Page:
Tiwi song: far more than meets the ear

The general impression given in the literature of the song culture of the Tiwi Islands, Northern Australia, is that it is primarily monotonic (Moyle, 1997; Osborne, 1989; Simpson, 1951; Stubington, 1979) and even “entirely inexpressive” (Osborne, 1989). This might be due simply to musical unfamiliarity or unavoidably selective observation but it is certainly a misrepresentation of Tiwi song culture as a whole.

There are in fact twelve distinct melodic forms, with as many idiosyncratic alterations as there are singers and performances.

Tiwi song practice is primarily one of extemporization, with songs created contemporaneously with and specific to the performance event. Rather than comprising a corpus of songs that is passed down through generations, it is the skill of composing within a framework of prerequisite metrical, melodic and poetic knowledge that is passed down through a long process of heuristic learning. Individuality and creativity are highly regarded and there is therefore much variation to be found across the 1300+ song items preserved in ethnographic field recordings made on the Tiwi Islands over the past century. Being the central oral art form in an ancient and (traditionally) non-written culture, Tiwi song is also a living document of ancestral, seasonal, spiritual, social, political and genealogical history, making it vital to the Tiwi community and to Australian heritage. Genevieve Campbell will explain how, far from being monotonic, Tiwi song is melodically and performatively expressive, interactive and linguistically complex and varied.

This event was presented in partnership at and with the Sydney Conservatorium of Music on Wednesday 4 March 2020.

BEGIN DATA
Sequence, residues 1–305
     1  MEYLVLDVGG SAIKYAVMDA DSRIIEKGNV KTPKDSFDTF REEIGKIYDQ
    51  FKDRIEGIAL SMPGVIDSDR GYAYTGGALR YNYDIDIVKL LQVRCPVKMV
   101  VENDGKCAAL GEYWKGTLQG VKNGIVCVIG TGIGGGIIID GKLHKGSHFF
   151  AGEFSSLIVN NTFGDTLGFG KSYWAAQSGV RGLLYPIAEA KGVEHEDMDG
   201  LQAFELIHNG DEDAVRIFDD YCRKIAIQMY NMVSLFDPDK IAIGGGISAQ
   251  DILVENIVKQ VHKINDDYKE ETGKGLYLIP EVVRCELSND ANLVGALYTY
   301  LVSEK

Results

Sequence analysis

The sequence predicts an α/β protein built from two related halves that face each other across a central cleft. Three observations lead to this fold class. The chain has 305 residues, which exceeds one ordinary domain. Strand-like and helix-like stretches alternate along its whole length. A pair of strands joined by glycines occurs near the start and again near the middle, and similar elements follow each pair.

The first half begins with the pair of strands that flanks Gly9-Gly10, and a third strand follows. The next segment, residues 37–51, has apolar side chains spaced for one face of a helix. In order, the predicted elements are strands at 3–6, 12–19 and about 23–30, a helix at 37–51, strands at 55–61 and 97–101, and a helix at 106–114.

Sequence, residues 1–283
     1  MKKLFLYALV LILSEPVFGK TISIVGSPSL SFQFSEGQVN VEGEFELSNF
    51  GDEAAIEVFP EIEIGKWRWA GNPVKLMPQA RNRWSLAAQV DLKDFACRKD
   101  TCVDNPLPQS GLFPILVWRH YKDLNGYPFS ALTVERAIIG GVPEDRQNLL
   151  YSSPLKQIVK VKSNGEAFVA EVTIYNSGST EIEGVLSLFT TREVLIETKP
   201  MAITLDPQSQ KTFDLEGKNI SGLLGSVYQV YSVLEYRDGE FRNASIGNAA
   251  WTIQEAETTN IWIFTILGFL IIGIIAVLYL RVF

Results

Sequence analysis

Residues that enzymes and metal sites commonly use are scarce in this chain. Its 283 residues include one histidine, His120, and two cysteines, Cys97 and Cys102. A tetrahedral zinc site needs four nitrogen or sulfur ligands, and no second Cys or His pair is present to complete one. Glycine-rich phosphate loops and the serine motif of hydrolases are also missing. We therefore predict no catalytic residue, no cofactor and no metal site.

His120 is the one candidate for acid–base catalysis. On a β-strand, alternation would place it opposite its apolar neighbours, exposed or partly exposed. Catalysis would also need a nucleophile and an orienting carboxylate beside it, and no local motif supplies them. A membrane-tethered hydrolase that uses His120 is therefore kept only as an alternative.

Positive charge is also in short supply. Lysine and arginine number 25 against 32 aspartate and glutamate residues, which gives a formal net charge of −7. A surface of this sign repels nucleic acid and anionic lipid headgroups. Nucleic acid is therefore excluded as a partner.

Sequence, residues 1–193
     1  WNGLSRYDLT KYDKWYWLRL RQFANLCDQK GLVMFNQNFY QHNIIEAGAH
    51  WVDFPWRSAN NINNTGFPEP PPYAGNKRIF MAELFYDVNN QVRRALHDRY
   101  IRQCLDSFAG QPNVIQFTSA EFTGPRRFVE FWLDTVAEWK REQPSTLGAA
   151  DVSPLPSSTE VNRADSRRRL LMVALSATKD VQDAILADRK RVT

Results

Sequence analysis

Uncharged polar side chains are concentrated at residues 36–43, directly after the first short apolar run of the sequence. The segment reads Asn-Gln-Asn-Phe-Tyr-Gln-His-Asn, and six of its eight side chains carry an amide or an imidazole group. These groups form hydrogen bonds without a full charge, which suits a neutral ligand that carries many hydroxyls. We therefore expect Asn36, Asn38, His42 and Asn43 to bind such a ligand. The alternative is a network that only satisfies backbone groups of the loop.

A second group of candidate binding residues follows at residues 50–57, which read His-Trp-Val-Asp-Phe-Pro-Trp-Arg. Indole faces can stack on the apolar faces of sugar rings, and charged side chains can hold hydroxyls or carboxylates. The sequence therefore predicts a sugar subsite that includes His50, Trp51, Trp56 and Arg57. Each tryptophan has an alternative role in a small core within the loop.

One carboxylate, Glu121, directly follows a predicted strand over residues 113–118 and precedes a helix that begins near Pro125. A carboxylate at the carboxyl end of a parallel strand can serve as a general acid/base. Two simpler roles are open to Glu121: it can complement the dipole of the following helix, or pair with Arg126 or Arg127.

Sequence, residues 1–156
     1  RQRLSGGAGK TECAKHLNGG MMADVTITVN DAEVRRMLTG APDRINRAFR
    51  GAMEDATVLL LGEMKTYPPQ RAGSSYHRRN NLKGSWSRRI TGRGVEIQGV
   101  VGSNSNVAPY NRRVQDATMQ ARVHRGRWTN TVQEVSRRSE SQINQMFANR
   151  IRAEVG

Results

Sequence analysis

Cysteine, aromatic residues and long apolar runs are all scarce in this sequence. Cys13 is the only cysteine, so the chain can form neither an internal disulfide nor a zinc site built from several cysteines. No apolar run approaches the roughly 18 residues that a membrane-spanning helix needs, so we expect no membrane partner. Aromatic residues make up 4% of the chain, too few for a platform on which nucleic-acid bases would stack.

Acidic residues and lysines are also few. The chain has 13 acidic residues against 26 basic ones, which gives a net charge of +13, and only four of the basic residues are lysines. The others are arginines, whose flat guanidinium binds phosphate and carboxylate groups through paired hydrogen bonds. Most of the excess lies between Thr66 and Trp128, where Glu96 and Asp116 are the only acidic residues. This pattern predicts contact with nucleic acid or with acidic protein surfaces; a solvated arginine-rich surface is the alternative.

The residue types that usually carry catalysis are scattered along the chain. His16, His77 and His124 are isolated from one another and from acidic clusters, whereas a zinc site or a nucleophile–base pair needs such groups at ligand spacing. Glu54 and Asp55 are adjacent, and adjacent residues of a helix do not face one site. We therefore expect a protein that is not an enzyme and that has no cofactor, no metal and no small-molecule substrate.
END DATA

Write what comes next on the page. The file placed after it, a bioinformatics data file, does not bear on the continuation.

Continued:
Genevieve Campbell is a University Fellow at the Sydney Environment Institute and Sydney Conservatorium of Music. She has worked for 20 years as a professional French Horn player. In 2007 she became involved with a group of senior song-women on the Tiwi Islands, NT and together they instigated Ngarukuruwala – We Sing Songs, a musical collaboration based on traditional Tiwi songs and involving jazz musicians from Sydney. Her professional interest in Tiwi music in the context of contemporary performance and the similarities between Tiwi improvisation and western jazz led to embarking on musicological research. The desire to be part of the rediscovery and preservation of old Tiwi songs has resulted in close involvement with the repatriation to the Tiwi community of ethnographic field recordings of Tiwi ceremony and song. Her doctoral research included the collation of metadata associated with recorded Tiwi song material 1912-1981, working with senior Tiwi individuals on specific songs (at their request) to create detailed music and text transcriptions, transliterations in spoken Tiwi and translation into English and assisting with transcribing language from recorded song examples for addition to a long-term project to establish a resource of kinship songs required for Tiwi ceremony. Her area of interest is two-fold: the role of song in the preservation of language and cultural well-being of the Tiwi Islands, and how repatriated recordings can be used to preserve song traditions while also developing new forms of culturally relevant music making.